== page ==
Are Millennials The Worst Drivers?
Ah, millennials. With their constantly-evolving slang, love of selfies, and shunning of tradition, millennials, or people born between 1977 and 1995, are certainly perplexing to their Generation X or Baby Boomer parents.
Millennials are often criticized by older generations. They have been accused of destroying everything from marriage to the housing market to grocery shopping. They are frequently called narcissistic and entitled, and bashed for their constant desire for praise.
However, millennials are also a highly creative, diverse, and tolerant generation. They are less likely to care about factors like race or gender, and are more inclined toward activism. They recognize the necessity for social change, and are willing to be the change they want to see in the world. It might be easy to hate on millennials, but it’s undeniable that they’re doing great things, too.
But research might actually back up one negative claim about millennials: they’re not all that great at driving.
Millennials and Driving
According to research done by the AAA Foundation for Traffic Safety, they were the most likely age group to exhibit dangerous driving behavior like:
- Exceeding the speed limit by 10 to 15 miles per hour
- Running red lights
- Texting and driving
- Driving under the influence of marijuana
The Role of Technology and Marijuana
88% of drivers within the age group admitted to speeding, running a red light, or texting behind the wheel within the past 30 days. Some of this is likely the fault of new developments in technology. While texting and driving remains an issue across all driving groups, millennials also use apps like Snapchat and Instagram. This presents even more driving distractions. Since many millennials have forgone tradition as they reach adulthood, it’s also possible that they are driving their own vehicles less and less, instead relying on ridesharing or public transportation. This means that they have less driving experience, which can contribute to reckless or negligence decisions on the roads.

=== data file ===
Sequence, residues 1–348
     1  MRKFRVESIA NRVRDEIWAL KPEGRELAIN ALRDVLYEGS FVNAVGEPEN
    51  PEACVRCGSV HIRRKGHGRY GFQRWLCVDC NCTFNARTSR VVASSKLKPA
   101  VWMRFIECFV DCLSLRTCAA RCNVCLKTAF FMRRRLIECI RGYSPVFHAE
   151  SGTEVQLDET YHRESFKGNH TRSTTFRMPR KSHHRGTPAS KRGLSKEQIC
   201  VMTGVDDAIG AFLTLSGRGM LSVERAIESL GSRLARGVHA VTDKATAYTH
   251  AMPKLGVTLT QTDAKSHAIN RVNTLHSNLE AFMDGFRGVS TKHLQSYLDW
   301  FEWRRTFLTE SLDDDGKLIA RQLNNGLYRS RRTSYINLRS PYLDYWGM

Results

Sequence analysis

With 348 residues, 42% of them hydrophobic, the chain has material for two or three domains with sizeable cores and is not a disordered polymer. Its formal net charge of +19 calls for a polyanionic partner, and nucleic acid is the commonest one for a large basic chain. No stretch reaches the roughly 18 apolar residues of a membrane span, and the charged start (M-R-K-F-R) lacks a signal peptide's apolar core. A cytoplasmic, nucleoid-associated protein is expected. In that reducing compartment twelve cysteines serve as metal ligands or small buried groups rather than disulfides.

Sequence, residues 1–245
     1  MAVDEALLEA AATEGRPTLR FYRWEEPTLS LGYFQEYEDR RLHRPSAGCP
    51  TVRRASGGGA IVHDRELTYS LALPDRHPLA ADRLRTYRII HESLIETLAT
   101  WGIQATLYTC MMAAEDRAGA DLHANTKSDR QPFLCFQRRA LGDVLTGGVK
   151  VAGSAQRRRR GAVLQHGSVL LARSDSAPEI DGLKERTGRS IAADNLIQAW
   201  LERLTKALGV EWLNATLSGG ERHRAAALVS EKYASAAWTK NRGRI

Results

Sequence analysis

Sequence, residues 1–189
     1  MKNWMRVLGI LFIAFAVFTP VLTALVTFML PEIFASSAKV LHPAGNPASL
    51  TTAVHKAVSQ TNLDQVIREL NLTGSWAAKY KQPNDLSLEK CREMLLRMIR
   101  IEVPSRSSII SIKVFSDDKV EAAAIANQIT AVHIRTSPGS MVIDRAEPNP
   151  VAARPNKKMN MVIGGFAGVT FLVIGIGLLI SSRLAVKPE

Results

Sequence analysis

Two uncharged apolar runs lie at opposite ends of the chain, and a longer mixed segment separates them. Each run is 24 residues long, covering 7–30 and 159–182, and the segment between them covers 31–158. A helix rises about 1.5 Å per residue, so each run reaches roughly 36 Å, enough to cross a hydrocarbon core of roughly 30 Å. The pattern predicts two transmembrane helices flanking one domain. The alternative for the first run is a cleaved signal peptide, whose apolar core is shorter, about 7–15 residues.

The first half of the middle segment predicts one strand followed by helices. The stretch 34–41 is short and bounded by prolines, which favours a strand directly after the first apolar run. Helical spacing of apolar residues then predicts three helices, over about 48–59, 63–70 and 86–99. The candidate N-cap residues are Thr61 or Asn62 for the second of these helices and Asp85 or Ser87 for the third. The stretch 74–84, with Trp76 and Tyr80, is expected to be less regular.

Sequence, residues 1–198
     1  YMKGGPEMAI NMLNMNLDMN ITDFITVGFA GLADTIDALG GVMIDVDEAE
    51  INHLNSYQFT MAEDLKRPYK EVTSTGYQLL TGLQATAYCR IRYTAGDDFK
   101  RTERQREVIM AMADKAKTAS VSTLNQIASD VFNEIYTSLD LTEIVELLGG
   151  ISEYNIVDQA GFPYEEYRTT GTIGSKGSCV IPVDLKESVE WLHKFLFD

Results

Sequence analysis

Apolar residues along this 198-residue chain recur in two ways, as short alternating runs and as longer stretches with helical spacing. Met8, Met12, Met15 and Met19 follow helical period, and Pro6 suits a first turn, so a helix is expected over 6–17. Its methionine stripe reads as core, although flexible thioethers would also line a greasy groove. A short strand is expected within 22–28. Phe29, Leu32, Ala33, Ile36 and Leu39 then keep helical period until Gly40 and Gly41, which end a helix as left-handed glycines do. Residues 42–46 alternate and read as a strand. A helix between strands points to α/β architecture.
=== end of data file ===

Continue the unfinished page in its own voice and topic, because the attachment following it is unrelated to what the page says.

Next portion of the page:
Marijuana is also a big issue for millennial drivers. In the AAA study, 7% reported regularly smoking marijuana within an hour of driving. While marijuana is becoming less regulated, and even legalized for recreational use in some states, it can still have a negative impact on driving. It causes slowed reaction time, bad coordination, and distraction. Millennials may have more tolerant views toward marijuana, but that doesn’t mean they should drive while high.
A Fair Characterization?
Of course, all age groups can make risky and dangerous driving decisions. Not every millennial driver is making terrible choices on the road, and like with any other group, it’s unfair to characterize all of them based on decisions on a few. But as this study shows, the millennial love for technology and progressive ideals might not always mesh with driving. What do you think? What’s your experience with millennial drivers — can you defend them, or you do absolutely agree?
The attorneys at Perenich, Caulfield, Avril & Noyes represent those involved in car accidents, motorcycle accidents, bicycle accidents, pedestrian accidents, and other types of personal injury matters. Our firm is one of the oldest personal injury law firms in Tampa Bay. There are no attorneys’ fees or costs unless we prevail for you. Call our office 24 hours a day at 727-796-8282 or simply click here to schedule a free case consultation.